• avatar

      My pleasure. Wax and meal wormsshould only be offered sparingly in any event…poor CA : phosphorus ratio etc. Perhaps order roaches and freeze, then offer via tongs? Silkworms and hornworms are also available online in many places. Consider also canned grasshoppers, or live locusts (if in UK), hard boiled egg, fuzzy mice, ZooMed Monitor diet; Unlikely that you’ll be able to maintain health long term on supplemented crickets…keep them hungry when offering new foods; will do no harm at all…almost all come around and take most items mentioned when hungry enough, best, frank

  28. avatar

    Hi, I have a North American green tree frog,all the conditions are correct in her tank and I feed her a healthy diverse diet of repti-worm, gut loaded crickets, springtail and wax worm. She forms a prolapse almost every week, I’ve treated it with the sugar water method several times though yesterday I noticed it as worse then ever,I’m wonder if it happening so often is a sign of a larger problem, also I cant afford a vet, and I’m not even sure a vet could help such a small species.

    • avatar

      Hello Jacob,

      When a prolapse continues to occur, expereinced vets generally stitch the cloaca closed for a time, to allow for healing. If a vet visit is not possible, try the treatment that has worked in the past; once the problem is corrected, withhold food for 7 days; I would eliminate waxworms and cut way back on or eliminate repti-worms from the diet. Use only 1/4 inch crickets, springtails; house flies (lab cultures are available) are also fine (adult flies rather than larvae). Small silkworms could also be tried…above are easier to digest, and likely place less strain on the cloaca during elimination. Please let me know if you need more info, best, Frank

  29. avatar

    Hi, a very interesting blog. I wondered if you may be able to assist. I am a vet nurse and have a passion for exotics. My 18 month old chinese water dragon is currently in our vets but we are at a bit of a loss where to go next. He has a varied diet of locusts, crickets, morio worms and pinkies dusted in calcium. in a 6ft x 5ft x 4ft well decorated viv with pool and repti carpet. temp is controlled with thermostat at 82 degrees and humidy between 60 – 70 %. Im pretty happy with the husbandry.

    Over the last 3 weeks he has eaten very little, 1 pinky 6 days ago and nothing since or for 2 weeks prior. he has lost some weight but is as active as ever, still spending time in pool. he is however darker green in colour. he has only passed a few small bits of calcium deposits, not his normal faeces.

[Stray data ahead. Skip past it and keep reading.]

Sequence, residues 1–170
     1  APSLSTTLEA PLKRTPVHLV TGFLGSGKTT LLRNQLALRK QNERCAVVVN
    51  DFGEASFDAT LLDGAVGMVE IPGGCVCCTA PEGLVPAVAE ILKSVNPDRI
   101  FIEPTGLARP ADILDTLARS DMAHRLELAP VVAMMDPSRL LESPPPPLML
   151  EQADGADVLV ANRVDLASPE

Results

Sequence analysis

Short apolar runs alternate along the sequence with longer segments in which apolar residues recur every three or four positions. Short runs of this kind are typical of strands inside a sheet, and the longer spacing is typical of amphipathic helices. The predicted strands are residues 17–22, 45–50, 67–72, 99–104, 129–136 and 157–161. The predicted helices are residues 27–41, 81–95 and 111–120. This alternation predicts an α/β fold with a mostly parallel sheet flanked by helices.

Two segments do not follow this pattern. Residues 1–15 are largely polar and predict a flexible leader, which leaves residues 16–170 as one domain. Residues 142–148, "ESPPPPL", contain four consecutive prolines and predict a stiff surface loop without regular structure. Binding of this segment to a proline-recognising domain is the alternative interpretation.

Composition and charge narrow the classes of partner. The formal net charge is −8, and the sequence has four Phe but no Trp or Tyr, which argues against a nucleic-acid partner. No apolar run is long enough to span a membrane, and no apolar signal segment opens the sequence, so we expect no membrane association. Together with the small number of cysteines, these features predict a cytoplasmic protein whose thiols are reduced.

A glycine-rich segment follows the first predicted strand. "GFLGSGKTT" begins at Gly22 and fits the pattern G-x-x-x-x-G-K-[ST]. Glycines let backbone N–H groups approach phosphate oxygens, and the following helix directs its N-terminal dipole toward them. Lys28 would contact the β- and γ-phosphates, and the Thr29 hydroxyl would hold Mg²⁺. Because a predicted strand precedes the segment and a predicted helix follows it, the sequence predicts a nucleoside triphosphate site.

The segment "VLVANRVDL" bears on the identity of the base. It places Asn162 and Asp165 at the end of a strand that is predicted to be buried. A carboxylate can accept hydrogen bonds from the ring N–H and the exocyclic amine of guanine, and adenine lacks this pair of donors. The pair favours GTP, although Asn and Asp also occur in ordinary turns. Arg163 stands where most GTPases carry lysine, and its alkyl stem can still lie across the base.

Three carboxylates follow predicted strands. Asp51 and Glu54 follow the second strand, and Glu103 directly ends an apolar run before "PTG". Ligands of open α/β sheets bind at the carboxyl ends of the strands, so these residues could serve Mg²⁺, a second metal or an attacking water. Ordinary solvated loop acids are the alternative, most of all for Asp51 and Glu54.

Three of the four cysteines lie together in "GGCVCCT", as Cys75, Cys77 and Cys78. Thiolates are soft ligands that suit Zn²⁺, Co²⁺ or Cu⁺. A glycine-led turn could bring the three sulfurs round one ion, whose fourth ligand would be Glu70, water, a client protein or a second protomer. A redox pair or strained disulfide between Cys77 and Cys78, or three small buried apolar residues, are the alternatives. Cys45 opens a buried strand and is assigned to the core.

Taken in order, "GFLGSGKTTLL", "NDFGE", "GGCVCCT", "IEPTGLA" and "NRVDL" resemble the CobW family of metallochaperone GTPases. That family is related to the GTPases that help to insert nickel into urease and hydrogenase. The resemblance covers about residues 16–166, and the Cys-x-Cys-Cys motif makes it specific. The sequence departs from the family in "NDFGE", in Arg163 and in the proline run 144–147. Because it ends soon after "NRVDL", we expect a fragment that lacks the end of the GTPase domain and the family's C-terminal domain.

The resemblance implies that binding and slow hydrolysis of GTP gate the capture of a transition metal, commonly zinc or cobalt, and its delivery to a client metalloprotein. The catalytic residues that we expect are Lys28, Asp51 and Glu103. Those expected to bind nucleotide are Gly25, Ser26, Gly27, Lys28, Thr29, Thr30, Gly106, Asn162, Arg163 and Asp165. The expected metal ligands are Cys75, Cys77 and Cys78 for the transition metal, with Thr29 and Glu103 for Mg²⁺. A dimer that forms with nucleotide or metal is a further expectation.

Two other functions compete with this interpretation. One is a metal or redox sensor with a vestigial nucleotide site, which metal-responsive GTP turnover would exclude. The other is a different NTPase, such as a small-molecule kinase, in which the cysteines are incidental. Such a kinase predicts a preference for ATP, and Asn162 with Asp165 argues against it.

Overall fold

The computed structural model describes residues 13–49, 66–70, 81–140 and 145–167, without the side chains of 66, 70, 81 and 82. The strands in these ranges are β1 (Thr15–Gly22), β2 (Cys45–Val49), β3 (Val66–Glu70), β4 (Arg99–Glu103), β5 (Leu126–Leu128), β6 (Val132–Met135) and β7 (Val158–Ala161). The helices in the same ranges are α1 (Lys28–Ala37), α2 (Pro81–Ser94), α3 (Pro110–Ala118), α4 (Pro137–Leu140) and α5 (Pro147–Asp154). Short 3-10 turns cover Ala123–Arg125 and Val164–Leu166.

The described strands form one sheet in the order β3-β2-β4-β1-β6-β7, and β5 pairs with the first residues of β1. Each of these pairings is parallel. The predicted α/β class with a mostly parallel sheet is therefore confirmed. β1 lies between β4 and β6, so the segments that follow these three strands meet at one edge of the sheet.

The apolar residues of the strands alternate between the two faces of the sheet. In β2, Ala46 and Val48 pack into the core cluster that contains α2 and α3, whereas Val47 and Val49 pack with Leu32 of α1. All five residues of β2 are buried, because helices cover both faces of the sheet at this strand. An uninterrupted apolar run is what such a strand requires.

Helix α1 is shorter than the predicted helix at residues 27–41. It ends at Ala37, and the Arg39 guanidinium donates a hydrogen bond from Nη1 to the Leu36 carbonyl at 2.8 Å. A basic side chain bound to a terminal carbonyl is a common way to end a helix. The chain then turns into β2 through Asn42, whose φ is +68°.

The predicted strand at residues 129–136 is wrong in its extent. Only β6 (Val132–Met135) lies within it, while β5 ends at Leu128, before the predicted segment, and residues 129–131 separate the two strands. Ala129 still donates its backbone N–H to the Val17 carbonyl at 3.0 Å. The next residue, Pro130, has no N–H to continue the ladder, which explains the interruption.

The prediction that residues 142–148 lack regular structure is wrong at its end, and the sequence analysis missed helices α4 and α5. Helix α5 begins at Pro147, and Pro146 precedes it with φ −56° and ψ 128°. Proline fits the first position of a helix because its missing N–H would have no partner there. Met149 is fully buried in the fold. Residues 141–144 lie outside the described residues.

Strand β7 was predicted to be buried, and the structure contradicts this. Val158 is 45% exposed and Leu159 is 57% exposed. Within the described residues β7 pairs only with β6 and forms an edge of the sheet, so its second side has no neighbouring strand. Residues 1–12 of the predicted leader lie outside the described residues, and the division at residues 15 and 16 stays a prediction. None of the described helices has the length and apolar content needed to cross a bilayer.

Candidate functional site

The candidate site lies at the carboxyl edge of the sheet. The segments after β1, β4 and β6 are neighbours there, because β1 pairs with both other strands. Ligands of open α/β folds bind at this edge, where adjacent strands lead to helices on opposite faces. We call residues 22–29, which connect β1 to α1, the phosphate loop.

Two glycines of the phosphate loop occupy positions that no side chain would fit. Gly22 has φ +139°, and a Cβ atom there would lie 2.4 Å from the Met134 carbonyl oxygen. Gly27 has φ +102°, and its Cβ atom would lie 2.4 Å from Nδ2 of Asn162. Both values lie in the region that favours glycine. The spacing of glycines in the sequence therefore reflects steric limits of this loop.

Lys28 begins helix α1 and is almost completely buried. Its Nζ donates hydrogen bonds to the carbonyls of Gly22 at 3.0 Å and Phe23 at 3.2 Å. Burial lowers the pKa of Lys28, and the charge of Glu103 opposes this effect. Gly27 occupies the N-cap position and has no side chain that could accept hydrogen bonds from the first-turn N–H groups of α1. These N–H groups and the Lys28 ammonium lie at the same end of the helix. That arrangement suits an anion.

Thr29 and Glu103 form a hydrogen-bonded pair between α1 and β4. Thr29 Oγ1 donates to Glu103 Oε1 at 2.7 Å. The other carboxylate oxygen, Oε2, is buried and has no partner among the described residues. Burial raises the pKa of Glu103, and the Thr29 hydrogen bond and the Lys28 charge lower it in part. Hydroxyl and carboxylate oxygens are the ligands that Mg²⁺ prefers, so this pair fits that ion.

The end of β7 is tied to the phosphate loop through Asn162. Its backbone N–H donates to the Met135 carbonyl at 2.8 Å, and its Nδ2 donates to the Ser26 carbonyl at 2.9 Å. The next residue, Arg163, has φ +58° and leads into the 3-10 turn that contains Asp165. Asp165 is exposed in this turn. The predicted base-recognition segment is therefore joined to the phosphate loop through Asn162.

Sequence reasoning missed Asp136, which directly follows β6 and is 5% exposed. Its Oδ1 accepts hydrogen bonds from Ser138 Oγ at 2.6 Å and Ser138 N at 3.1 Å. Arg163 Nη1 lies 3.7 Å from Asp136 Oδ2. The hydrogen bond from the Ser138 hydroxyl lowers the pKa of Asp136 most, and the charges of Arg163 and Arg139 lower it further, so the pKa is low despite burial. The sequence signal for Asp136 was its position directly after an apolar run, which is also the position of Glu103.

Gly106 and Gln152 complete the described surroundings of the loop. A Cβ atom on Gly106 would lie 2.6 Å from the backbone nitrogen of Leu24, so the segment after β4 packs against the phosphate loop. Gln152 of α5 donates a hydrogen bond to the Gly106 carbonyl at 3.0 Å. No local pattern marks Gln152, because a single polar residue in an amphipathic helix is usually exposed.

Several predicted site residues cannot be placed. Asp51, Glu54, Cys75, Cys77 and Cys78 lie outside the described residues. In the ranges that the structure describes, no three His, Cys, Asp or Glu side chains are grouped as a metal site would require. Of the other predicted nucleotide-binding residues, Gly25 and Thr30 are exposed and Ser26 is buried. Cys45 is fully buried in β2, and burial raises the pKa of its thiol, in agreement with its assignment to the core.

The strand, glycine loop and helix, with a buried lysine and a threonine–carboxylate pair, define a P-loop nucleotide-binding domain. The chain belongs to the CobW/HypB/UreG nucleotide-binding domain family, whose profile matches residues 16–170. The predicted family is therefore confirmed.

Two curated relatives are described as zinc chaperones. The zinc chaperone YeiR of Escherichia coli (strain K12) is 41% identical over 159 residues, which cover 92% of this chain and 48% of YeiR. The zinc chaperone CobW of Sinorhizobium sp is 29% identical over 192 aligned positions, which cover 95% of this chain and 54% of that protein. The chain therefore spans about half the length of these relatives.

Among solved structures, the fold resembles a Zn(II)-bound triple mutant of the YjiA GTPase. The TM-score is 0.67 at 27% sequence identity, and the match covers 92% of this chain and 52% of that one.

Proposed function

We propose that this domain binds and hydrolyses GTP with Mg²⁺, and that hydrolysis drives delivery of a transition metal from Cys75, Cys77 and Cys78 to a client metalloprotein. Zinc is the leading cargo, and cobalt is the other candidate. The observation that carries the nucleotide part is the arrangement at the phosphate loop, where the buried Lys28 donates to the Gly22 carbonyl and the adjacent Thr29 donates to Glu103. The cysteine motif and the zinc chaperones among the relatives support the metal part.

We have taken a radiograph and ultra sound of his abdomen and there is nothing to suggest a foreign body, impaction or intussusception.

    Anything you can suggest? I am hesitant to go ahead with an ex – lap without firm evidence of impaction or foreign body but am concerned obviously in reference to his anorexia and consequently lack of faeces.

    Many thanks

    Sonia Green RVN

    • avatar

      Hi Sonia,

      Thanks for the kind words.

      Wondering if temperature may be involved…82 F is fine for cool end of cage, should range to 88 F and with a basking site of 95-100F. I’m assuming it gets ample UVB exposure…They need a good deal of calcium, but minnows are a better source than pinkies..we’ve seen problems (liver, kidney) when pinkies are used frequently for this and similar species. There’s a bit more info on care here; please keep me posted, hope all goes well, Frank

  30. avatar

    Hello frank I am very much concern about a common slider eggs how to properly burry it..please help me

    • avatar

      Hi Sharla,

      Vermiculite is the best substrate to use, but until you buy some you can bury 1/2 way (with half of egg exposed) in damp sand or topsoil. They hatch at a variety of temps, from 80-90 F, an incubator is best to use but a very warm room or a spotlight positioned over container can work. Please see this article for more on setting up eggs (for sliders,no need to weight out materials as described…moisten until vermiculite barely stays together when squeezed in the hand). Watch for more eggs…please see this article on nest sites. Please let me know if you need more info, frank

  31. avatar

    Hello i just saw my snakes cloaca sticking out and i googled it and i came across as it being a prolapsed rectum. We had done the Q-tip as spoken in the comments and we also tried the video i saw and it didnt work like how the guy did it in the video. How long after putting the rectum back in do we wait to put her back in her tank and do we feed her today?

    • avatar